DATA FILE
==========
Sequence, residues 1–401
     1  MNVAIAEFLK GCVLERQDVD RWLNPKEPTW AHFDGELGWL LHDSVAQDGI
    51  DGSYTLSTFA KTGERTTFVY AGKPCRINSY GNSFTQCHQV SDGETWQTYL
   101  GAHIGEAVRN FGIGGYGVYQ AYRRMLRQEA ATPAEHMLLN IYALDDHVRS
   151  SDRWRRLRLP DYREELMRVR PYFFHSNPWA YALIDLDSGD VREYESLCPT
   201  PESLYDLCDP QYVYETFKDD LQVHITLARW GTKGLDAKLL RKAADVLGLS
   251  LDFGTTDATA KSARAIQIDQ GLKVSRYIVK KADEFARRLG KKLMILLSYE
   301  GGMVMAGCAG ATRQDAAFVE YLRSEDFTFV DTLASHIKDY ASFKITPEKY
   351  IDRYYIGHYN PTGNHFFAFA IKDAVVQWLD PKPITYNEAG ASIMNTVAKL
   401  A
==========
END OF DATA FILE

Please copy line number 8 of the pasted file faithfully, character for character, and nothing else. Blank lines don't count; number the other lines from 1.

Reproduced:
   301  GGMVMAGCAG ATRQDAAFVE YLRSEDFTFV DTLASHIKDY ASFKITPEKY